Sleep Disturbance Common With Anorexia or Bulimia
Women with eating disorders such as anorexia or bulimia may also experience significant trouble sleeping, suggests a small study in Egypt.
In a comparison of women with and without eating disorders, those with anorexia or bulimia reported insomnia, excessive daytime sleepiness and other sleep disorders like sleepwalking or sleep paralysis much more frequently. Sleep monitoring confirmed their altered sleep patterns, researchers found.
When the study team accounted for depression symptoms - which are also tied to sleep disturbance - most of the links between eating disorders and sleep troubles remained, according to the report in the journal Sleep Medicine, May 7.
"This provides preliminary steps toward understanding sleep problems in eating disorder patients," said one of the study's authors, Dr. Sherien Ahmed Khalil of Ain Shams University in Cairo, in an email.
Eating disorders have been associated with sleep complaints for years, the study team notes. To see how the two problems may be related, the researchers analyzed data on 23 women between 18 and 45 years old who sought help for anorexia nervosa or bulimia at Ain Shams University's Institute of Psychiatry between 2012 and 2014. The researchers also recruited 20 similar women without eating disorders to act as a comparison group.
None of the participants were currently taking medications and none had other physical or neurological illnesses that would affect sleep. Among the women with eating disorders, 35 percent also had mild depression symptoms and another 30 percent had moderate depression.
All of the women completed a sleep disorder questionnaire to describe any sleep complaints, and each underwent an all-night polysomnography test in the institute's sleep lab so the researchers could profile their brain activity during different stages of sleep and waking.
Based on the questionnaires, the women with anorexia or bulimia were more likely to have insomnia of all types, with 6 in 10 reporting difficulty falling asleep and nearly half reporting interrupted sleep. They also were more likely to complain of sleep disturbances including nightmares, sleep-related panic and bruxism, or involuntary teeth grinding during sleep.
"What was really surprising is that nearly all sleep problems were found in anorexia and bulimia patients, and sleep complaints were left uninvestigated and untreated," Khalil said.
The sleep monitoring showed that the women with eating disorders tended to take longer to fall asleep, were less likely to sleep efficiently and were more likely to wake up easily during sleep, compared with the control group. There were no significant differences between anorexia and bulimia patients.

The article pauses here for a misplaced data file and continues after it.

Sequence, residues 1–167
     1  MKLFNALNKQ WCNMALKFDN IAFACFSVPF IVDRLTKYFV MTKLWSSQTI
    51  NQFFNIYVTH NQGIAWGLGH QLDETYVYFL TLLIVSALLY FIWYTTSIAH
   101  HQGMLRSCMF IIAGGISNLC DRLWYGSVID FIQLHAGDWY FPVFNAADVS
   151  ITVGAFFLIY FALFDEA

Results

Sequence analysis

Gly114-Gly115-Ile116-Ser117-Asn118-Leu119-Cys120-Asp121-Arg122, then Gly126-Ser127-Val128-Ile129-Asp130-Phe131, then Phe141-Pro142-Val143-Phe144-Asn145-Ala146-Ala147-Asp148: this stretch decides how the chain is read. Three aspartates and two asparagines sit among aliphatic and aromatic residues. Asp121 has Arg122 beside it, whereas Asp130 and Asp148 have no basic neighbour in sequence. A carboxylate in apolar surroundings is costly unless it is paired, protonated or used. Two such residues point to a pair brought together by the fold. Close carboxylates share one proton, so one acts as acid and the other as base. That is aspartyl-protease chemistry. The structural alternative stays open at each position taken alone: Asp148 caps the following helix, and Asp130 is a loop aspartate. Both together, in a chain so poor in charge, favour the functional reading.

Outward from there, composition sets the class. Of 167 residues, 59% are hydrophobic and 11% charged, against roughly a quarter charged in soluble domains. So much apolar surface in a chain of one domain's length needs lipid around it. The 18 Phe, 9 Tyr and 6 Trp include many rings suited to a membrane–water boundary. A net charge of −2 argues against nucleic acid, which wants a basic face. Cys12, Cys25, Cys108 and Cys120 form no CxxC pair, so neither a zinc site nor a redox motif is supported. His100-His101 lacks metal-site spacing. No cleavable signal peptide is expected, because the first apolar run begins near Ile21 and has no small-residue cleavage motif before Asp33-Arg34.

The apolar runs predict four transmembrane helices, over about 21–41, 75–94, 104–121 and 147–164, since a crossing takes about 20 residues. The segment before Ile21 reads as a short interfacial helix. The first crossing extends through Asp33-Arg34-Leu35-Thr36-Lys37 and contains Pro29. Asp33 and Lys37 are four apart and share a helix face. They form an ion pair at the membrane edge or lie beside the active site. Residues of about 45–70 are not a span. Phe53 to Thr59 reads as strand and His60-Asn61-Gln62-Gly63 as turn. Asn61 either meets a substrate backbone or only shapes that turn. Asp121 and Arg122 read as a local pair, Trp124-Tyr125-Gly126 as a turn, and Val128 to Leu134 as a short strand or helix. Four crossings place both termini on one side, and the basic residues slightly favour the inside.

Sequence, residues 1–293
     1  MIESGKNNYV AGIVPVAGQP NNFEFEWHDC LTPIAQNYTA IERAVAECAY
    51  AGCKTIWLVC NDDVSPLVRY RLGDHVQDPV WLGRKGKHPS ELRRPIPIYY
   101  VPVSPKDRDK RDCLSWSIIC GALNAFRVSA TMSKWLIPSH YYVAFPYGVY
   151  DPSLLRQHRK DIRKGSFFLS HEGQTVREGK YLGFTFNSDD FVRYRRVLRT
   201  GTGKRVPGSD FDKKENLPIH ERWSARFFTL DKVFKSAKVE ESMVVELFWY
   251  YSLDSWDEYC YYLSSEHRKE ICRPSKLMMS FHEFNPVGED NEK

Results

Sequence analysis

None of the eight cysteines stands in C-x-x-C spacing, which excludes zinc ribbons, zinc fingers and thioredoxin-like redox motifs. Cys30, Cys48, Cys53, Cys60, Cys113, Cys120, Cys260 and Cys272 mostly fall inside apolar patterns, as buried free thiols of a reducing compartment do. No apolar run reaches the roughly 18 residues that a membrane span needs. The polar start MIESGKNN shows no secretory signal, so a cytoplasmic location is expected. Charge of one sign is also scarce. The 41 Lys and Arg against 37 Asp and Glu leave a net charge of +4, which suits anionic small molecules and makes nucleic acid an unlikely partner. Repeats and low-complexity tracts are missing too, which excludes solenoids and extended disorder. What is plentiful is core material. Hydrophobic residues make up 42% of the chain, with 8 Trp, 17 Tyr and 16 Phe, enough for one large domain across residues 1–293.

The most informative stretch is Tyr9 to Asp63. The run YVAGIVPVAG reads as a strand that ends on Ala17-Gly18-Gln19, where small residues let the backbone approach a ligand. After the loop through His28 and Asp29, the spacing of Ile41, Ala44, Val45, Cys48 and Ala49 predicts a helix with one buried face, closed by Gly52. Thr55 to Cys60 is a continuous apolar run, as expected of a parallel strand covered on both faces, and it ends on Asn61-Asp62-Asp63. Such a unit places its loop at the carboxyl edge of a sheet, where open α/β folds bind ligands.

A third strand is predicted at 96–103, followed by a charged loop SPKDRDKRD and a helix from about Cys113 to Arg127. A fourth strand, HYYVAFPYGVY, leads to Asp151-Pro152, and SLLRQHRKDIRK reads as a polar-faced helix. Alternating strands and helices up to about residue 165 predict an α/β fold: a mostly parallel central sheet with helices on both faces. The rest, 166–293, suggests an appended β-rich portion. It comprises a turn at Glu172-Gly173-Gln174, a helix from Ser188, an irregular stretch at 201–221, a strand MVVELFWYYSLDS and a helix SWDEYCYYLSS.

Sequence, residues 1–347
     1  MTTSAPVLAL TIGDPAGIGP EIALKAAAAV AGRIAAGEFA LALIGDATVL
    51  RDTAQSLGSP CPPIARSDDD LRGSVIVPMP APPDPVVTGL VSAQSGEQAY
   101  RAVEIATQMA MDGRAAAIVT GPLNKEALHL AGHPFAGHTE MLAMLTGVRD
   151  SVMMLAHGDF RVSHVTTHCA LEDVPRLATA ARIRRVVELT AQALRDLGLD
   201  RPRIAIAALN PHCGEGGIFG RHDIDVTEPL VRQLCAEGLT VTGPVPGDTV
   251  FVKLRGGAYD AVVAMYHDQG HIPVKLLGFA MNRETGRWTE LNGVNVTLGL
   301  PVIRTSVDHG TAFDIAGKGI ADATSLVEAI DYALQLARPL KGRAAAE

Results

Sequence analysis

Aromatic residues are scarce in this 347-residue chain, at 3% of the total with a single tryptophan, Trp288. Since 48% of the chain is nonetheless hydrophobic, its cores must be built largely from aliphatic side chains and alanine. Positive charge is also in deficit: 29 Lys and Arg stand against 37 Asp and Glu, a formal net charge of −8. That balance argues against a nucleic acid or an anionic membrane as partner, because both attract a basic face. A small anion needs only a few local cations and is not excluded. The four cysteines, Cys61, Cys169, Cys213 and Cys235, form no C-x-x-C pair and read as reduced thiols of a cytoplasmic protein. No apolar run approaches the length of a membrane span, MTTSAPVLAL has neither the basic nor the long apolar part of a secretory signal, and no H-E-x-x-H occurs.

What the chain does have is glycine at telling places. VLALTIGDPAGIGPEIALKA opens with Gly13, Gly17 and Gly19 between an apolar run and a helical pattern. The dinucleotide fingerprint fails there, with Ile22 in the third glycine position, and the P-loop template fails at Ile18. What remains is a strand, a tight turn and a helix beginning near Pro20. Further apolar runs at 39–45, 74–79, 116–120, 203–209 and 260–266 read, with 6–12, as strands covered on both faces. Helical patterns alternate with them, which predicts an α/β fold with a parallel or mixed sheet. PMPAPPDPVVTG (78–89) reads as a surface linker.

Although difficulty falling asleep and some of the sleep monitoring measurements were associated with the severity of an individual's depression symptoms, most of the sleep disturbances were not, the researchers found.
Now Khalil and colleagues would like to study this question on a larger scale and work on developing ways to improve sleep for anorexia and bulimia patients.
"Everyone having eating or sleep problems should seek help as soon as possible because they interact deeply and can lead to disturbed mood, lower quality of life and affect general functioning," Khalil said in an email.
Future research should also distinguish between the subtypes of anorexia - those who restrict food intake but don't purge, as compared to those who binge-eat and purge food, said Dr. Tokusei Tanahashi of Saiseikai Fukuoka General Hospital in Fukuoka, Japan, who wasn't involved in the study.
"Patients with purging behaviors tend to have worse sleep quality," he told Reuters Health by email. "They're also more likely to have disrupted sleep patterns, including circadian rhythm disruption and abnormal sleep duration."
Researchers are beginning to study bright light therapy as a way to treat circadian sleep-wake disorders, which could help those with binging and purging behaviors to sleep better, Tanahashi added. They also want to better understand orexin, a neuropeptide in the brain's hypothalamus that has been associated with eating behaviors, as well as sleep.
Merck's Belsomra (suvorexant) is the first in a new class of orexin-receptor blocking drugs to have been approved in the U.S. as a sleep aid.
"The relationship between eating and sleep is important, however, it's an undeveloped field," Tanahashi said. "Orexin receptor antagonists may have the potential to treat eating disorders."